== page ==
• Rapchiik on June 10, 2011, 16:23 GMT

    Come on Guys.. India is opposed to DRS. That is not illegal. Why did the ICC give an option to choose? I don't think this is BCCI showing their power. India has always opposed DRS from start. No point in blaming BCCI, If ICC wants it in every test series then make it mandatory. What if Aus or SL board had objected? And if the point made here is that India is opposing bcos they think it will be beneficial for them, the same can be said for other countries that they want it for same reason. Moreover, I think the DRS system still has flaws and needs to be properly thought over before making it mandatory.

  • a_a_b on June 10, 2011, 16:21 GMT

    one word... RIDICULOUS !

  • CaoBoi on June 10, 2011, 16:21 GMT

    First, I am an Indian and I don't like this decision by BCCI. That said, it's the rule. Both countries have to agree for them to use technology. BCCI doesn't want to use. So why all the anguish ? Just change the damn rule, make it mandatory. Untill then why be mad at BCCI for exercising their right ?

  • InnocentGuy on June 10, 2011, 16:19 GMT

    It isn't surprising that the BCCI does not want the DRS. Not because they don't trust the technology, but because if they accept it now, it would look like they succumbed to pressure from ICC and other boards.

    In any case, I don't like DRS simply because, the game has already been spoiled with the advent of T20. Taking away the uncertainties of umpiring decisions only makes it less authentic. For every 10 proper decisions, there's bound to be 1 or 2 bad ones made by the umpires. That's just the game, gentlemen.

  • on June 10, 2011, 16:09 GMT

    m an indian and still favour the DRS.......if it had not been for DRS ajmal and co wud hav sent tendulkar and india packing in the semis of the world cup.....BCCI is looking only towards the negative prospect which i find absurd!!!!!

  • on June 10, 2011, 16:06 GMT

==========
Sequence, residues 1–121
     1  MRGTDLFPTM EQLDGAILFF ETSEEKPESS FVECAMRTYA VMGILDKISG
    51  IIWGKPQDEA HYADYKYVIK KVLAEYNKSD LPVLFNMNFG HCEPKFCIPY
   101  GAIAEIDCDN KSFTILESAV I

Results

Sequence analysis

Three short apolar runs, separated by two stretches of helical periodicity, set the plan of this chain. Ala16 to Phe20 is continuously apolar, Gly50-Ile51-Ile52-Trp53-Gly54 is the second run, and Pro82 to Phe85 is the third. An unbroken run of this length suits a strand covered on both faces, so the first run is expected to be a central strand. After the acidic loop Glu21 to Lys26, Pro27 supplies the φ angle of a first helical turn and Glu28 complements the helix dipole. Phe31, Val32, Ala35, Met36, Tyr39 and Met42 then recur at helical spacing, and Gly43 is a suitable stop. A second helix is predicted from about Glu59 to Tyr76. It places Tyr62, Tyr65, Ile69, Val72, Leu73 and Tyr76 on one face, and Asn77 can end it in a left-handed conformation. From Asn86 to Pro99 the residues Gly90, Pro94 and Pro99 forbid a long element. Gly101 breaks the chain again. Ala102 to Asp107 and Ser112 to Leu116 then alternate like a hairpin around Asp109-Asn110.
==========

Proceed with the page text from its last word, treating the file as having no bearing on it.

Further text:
Why are certain senior players afraid of using a technology which helped us winning the World Cup?

  • on June 10, 2011, 16:04 GMT

    DURING THE WORLD CUP 2011, THERE WERE MANY ARGUMENTS AND DEBATES ON DRS SYSTEMS .ON THIS POINT,EVEN AFTER REVIEW , DECISIONS WERE VERY MUCH DEBATABLE AND MANY COMMENTATORS WERE DISCUSSING THE CORRECTNESS OF THE DECISIONS. AS SUCH I AM OF THE OPINION THERE SHOULD BE A PANEL OF EXPERTS CONSISTING OF FORMER PLAYERS, UMPIRES AND ADMINISTRATORS ELABORATELY DISCUSS ON THE SUBJECT AND COME TO THE FINAL CONCLUSION TO ACCEPT OR REFUSE THE DRS SYSTEM.

  • m_ilind on June 10, 2011, 16:03 GMT

    India's senior players haven't forgotten the embarassment of UDRS in the SL tour. The decisions were 11-2 against their favor.

  • homebound on June 10, 2011, 16:02 GMT

    Atleast the senior Indian players have shown some integrity in sticking to their views on UDRS. India evidently benefitted greatly from UDRS during their successful world cup campaign, most notably Sachin winning the review against Pak in the semifinal. But that hasn't made them do a volteface and support UDRS.

  • DaGameChanger on June 10, 2011, 15:59 GMT

    So from the comments it looks like MOST of the INDIAN FANS are OK with DRS but not the BCCI. Even Indian fan seems to be confused on this one?

  • Younus313 on June 10, 2011, 15:58 GMT

    Are we talking about the same UDRS that saved Sachin Tendulkar in the India v Pakistan world cup semi-final even though he was plumb? Sachin didn't mind using it then, did he? My point, is that it should be all or nothing. Either all series use the UDRS or none...come on ICC...take control!

  • KiQa55 on June 10, 2011, 15:58 GMT

    I think India is right in refusing..the correct decision-or the wrong one- has to be made by the ump n ump alone..if it comes to challenging the ump, why stop at 2 chances for each team? all decisions should be challenged..I would be for DRS if it was completely flawless..if it made a 100% right decisions..but somehow DRS decisions bite India in the backside..so why would India want to shoot themselves in the foot and agree to a stick that they know they are going to the short end of?

  • on June 10, 2011, 15:56 GMT